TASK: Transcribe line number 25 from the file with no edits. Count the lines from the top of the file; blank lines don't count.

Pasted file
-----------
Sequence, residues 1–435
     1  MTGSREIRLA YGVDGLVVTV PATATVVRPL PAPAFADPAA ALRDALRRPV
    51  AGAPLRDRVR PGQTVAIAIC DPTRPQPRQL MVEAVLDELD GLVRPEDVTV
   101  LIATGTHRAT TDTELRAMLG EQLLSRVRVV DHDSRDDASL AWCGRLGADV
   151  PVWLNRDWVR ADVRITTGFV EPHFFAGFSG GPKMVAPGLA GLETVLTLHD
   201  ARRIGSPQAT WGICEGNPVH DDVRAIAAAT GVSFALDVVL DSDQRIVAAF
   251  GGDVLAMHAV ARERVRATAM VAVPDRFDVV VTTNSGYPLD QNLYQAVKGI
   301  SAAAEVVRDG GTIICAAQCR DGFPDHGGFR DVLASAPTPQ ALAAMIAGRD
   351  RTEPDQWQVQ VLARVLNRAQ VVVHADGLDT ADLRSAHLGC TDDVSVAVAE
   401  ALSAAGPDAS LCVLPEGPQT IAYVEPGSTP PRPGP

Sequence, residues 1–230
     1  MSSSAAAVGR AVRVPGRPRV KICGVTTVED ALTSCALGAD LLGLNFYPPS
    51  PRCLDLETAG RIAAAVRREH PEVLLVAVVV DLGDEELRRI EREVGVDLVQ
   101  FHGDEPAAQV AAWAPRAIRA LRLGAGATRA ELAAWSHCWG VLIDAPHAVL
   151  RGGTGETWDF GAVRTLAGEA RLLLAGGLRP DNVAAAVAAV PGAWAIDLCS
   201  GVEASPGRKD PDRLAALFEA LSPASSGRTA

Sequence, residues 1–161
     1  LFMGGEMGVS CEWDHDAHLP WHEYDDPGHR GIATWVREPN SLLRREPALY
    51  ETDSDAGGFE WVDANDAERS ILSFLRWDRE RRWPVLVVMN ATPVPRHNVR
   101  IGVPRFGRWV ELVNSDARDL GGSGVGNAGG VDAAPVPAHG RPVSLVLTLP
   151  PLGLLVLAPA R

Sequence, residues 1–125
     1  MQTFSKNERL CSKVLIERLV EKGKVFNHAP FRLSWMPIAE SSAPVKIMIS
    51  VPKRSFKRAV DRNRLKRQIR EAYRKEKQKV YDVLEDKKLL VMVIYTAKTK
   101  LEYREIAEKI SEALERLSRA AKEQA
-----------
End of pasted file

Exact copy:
   101  LEYREIAEKI SEALERLSRA AKEQA